An interest in the counter culture of the sixties, a morbid fascination with ordinary sociopaths who operate in micro cultures, medieval history, good true crime books, found footage horror films, guerrilla film making … a whole host of things. It was one of those books written at a time when an array of personal interests and reading formed a critical mass and gave me a story. Two of the novels that made me want to write popular novels in the first place, and novels with a big twist/reveal, were The Black Dahlia by James Ellroy and Falling Angel by William Hjortsberg. Last Days was my attempt to try and emulate what I loved about those novels.
Are you a big plotter and planner, or are you a talented, by-the-seat-of-the-pants writer whose work just rolls out perfectly (which means the rest of us must kill you)?
It varies. Last Days was plotted in advance, with each scene researched before I began writing the scene. It was like a military operation. Lack of preparation on that novel would have resulted in failure. It was my first horror novel written to a deadline, and also my longest and most ambitious story – four hundred years of complicated history told through participants in an eleven day film shoot, a true crime story, and a film that it would have been possible to make on that equipment in that time frame.
The first three novels were written without a publisher or deadline, but were fortunate enough to be eventually published. But Last Days was the first novel I was able to work on nearly every day for a year, and not in fits and starts and Sunday afternoons over two to four years. But all of my books have been written in a combination of planning, deep thinking, research, and just being in the zone and letting the story take over. They have all ended in ways I did not envisage. If I create the world and it feels authentic to me, and then the characters begin to talk of their own volition, I am not entirely responsible for what happens …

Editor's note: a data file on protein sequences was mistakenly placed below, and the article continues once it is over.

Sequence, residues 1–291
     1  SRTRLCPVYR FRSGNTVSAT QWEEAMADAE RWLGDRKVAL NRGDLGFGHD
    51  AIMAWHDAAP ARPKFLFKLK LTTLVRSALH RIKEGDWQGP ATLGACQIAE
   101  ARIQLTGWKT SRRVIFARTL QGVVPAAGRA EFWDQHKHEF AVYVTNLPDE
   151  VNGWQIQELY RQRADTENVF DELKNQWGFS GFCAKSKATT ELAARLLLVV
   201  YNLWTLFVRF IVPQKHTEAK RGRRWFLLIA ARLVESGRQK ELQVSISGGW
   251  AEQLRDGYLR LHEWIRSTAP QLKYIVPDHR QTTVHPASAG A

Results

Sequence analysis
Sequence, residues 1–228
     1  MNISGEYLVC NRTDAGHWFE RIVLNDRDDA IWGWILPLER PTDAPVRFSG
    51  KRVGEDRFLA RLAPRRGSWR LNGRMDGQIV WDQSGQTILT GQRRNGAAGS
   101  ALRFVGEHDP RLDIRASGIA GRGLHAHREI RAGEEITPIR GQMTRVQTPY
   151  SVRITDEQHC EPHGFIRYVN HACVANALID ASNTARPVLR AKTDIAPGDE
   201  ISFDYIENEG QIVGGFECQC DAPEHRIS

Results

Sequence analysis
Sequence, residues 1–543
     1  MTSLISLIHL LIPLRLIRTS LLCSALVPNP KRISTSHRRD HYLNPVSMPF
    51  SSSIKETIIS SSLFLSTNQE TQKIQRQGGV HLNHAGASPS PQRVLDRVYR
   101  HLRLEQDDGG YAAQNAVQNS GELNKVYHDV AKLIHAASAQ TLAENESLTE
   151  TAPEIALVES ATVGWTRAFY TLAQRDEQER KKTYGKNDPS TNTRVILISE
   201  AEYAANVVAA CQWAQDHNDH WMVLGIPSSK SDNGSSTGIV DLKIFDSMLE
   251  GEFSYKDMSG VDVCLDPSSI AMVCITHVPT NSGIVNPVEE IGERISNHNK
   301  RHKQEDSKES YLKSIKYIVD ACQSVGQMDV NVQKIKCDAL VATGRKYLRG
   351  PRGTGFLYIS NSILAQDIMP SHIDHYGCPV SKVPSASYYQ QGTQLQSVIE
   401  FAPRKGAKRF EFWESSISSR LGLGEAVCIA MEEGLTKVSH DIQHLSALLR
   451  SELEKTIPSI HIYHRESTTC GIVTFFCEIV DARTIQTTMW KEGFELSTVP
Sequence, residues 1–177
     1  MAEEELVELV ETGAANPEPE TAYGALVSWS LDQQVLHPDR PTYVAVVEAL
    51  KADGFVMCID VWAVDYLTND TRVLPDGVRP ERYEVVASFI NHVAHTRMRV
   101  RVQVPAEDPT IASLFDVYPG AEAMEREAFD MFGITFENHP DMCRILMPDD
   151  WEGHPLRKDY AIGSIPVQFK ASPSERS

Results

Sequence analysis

Was The Ritual based on a real-life experience that had you wondering ‘what if’ afterwards?
The specific scenes at the beginning of the novel, though not the characters, were inspired by a disastrous camping trip that I was involved in nearly twenty years before I wrote the book (it can take me that long to find a story for something): this was a long weekend expedition that ended in a party of fools trying to find somewhere to pitch a tent in the snow, in a wood so hideous we were convinced it was evil, inside which we also found two dead sheep hanging from the trees. So yes, I wondered about those sheep for years; when The Ritual came out, someone told me farmer’s use poisoned sheep carcasses as crow bait, so the mystery was sadly dispelled. But not before I wrote the book! And also, why was there an old car in a tree too? That I cannot explain, but it was a surreal and haunting experience and felt, at the time, like a macabre reminder that great powers exist of which we know almost nothing.